Start by being the right mentee
By KARIN HURT
I can’t tell you how many times people have asked me to be their mentor and, when I asked what they were looking to accomplish, I was met with a blank stare.
I guess they were just looking for me to start espousing wisdom to help get their career to the next level.
But mentoring doesn’t work that way. To find a great mentor, start by being a rock star mentee.
This might interest you: Ask Roshan: What Is The Purpose Of Mentoring?
Just like everything else in your career, the more you put in, the more you get out. Show up with a plan to launch an enriching relationship.
1. Know What You’re Looking to Accomplish
Determine specifically what you’re looking to achieve from your work together.
Is there something about your mentor’s background or skill set that you want to learn?
Perhaps they’re particularly good at navigating the political landscape, or great during times of stress.
Or maybe you’re looking for better insights into how you’re being perceived in the organisation or you want support in expanding your network with a few key introductions.
As with all relationships, you’ll be more successful if you are both clear in your expectations for your work together. Have an open conversation about expectations upfront to determine if you’re aligned.
2. Be Truly Open to Feedback
If you’re going to ask for feedback and advice, be sure you’re listening. You don’t have to agree or act on it, but be sure to be open and say thank you.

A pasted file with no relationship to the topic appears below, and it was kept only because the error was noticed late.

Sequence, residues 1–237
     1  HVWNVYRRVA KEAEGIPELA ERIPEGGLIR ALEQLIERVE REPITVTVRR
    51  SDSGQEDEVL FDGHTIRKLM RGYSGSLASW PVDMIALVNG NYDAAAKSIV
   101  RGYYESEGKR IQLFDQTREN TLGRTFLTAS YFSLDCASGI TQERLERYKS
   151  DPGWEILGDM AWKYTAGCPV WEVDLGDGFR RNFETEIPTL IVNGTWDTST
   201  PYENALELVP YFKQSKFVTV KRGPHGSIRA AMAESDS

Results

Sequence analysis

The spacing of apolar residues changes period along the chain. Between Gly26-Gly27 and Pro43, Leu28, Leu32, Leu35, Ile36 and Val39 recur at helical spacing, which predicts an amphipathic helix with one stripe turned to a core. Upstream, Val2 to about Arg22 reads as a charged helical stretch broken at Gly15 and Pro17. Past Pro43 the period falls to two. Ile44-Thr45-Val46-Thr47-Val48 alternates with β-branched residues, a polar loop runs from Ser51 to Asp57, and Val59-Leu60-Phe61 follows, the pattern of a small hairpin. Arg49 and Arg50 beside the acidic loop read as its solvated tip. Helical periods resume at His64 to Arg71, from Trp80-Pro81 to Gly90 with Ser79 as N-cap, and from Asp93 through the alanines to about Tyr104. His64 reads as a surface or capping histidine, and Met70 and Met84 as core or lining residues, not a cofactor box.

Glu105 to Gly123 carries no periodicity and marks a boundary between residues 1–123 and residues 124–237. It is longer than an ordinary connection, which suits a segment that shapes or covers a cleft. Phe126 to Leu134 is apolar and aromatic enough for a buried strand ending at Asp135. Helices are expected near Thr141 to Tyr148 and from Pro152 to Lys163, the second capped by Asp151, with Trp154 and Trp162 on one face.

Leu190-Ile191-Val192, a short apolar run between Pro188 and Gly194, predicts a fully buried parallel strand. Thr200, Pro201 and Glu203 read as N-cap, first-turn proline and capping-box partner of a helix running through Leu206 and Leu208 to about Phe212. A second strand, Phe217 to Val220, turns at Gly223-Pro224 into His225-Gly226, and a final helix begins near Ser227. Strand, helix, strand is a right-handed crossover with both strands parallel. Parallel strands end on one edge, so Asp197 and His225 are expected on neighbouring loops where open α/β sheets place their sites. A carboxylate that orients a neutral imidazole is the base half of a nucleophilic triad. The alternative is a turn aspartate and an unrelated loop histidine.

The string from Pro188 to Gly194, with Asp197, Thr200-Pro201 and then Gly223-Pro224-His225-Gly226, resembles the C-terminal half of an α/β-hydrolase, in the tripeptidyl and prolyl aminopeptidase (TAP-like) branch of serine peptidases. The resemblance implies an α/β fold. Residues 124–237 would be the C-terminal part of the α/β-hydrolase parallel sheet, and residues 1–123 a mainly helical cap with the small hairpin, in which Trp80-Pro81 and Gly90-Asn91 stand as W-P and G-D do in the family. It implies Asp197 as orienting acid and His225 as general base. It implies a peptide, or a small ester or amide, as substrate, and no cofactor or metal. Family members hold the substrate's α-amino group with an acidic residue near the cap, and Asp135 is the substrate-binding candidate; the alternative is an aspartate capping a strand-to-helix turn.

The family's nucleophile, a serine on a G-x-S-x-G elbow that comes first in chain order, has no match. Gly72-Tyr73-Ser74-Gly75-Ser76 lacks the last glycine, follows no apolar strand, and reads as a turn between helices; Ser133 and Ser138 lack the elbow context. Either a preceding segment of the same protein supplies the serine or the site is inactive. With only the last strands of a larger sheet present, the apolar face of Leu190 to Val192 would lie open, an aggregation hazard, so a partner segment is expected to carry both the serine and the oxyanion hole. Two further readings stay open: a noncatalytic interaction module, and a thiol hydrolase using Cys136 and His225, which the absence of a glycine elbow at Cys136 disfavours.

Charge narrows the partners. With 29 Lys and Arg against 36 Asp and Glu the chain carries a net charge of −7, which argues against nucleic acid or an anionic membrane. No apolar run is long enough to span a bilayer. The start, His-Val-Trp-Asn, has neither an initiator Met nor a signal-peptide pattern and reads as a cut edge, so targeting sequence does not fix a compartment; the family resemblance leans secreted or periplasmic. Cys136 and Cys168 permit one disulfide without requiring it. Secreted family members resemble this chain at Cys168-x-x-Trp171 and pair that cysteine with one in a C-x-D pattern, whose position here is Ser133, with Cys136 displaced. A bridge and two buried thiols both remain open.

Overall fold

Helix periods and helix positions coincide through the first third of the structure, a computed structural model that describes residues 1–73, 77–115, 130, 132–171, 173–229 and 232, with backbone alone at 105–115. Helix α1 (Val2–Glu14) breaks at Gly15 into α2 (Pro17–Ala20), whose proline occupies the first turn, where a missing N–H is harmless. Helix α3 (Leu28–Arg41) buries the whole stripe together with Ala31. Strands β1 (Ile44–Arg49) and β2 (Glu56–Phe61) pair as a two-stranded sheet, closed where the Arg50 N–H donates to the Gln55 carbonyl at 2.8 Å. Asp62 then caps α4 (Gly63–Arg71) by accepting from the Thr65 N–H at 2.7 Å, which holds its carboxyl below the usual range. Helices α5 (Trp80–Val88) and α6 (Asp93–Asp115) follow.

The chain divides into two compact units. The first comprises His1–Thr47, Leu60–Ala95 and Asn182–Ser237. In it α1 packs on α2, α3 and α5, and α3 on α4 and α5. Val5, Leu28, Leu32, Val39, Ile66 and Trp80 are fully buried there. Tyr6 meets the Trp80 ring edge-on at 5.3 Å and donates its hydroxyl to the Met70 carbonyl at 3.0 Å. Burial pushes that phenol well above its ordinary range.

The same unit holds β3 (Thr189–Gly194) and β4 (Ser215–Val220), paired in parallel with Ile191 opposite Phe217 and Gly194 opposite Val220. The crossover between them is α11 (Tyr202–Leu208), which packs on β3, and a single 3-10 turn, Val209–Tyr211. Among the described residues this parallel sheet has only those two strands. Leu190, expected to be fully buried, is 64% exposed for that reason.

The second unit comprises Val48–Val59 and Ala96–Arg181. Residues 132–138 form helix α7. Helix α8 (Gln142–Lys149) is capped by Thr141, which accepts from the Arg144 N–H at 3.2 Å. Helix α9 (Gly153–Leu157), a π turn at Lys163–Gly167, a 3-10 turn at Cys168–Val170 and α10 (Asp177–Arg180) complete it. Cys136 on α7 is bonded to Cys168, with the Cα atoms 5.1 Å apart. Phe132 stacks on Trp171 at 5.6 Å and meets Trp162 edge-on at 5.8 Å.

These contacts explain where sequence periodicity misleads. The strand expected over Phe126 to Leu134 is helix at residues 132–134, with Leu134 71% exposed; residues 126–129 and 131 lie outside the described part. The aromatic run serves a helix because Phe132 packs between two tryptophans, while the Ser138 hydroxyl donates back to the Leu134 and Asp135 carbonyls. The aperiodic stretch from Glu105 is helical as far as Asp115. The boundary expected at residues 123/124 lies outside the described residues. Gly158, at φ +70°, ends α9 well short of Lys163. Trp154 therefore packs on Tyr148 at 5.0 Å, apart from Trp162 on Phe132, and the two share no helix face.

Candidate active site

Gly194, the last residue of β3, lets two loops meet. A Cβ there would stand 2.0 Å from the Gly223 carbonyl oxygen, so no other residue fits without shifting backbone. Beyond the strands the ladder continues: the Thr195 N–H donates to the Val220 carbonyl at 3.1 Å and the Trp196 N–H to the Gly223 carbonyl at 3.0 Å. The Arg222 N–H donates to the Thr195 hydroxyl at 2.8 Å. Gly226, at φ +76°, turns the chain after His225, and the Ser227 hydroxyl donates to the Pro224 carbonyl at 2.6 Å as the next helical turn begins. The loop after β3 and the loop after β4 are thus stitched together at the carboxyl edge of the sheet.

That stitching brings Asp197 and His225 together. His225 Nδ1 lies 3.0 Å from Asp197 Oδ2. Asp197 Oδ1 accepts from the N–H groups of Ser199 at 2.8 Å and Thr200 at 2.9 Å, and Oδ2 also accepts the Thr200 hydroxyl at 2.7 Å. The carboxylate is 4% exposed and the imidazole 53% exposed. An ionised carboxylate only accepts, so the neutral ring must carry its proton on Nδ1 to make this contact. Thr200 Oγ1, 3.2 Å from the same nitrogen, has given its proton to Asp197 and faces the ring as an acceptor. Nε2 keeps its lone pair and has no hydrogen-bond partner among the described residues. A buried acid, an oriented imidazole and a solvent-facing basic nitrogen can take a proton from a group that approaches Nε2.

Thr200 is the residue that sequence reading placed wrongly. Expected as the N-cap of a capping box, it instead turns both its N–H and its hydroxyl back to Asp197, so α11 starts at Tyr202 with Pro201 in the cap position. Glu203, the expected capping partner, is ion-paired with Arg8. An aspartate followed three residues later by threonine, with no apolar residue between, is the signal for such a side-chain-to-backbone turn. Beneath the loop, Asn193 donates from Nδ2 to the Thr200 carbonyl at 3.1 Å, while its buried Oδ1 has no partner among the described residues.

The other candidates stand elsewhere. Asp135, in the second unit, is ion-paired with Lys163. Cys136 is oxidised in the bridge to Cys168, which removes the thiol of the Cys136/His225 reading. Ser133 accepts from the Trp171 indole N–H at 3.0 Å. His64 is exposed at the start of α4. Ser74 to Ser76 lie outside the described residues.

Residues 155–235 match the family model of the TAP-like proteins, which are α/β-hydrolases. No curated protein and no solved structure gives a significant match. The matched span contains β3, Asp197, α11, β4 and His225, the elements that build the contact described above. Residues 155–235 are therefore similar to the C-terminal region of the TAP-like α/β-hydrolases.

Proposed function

Nothing will turn off your new mentor more than a defensive argument about why their perception isn’t accurate.
3. Offer to Help
The best mentoring relationships are reciprocal – both people grow in the process.
Ask what you can do to be helpful to them – even if it means rolling up your sleeves and pitching in on a project of theirs.
4. Bring Conversation Starters
The first few mentoring sessions can be a bit awkward if you don’t know your mentor very well. It can be good to come with a few “starter” questions, such as:
~What are you most excited about in terms of the future of our organisation? Why?
~How can I best prepare to add the most value?
~What are the things that excite and energise you about your work here?
~What are the things that drain or frustrate you the most?
~What have you done in order to reduce that frustration?
~What are some of your outside interests? Are you able to leverage any of those skills here?
~What are the skills and behaviours you think are required to be successful in my role? How can I learn those?
~What skills and behaviours have helped you be successful here?
~What do you know now that you wish you had learnt sooner?
The best mentoring relationships are grounded in deep trust – and that takes time. Be patient and invest the time it takes to truly get to know and support one another.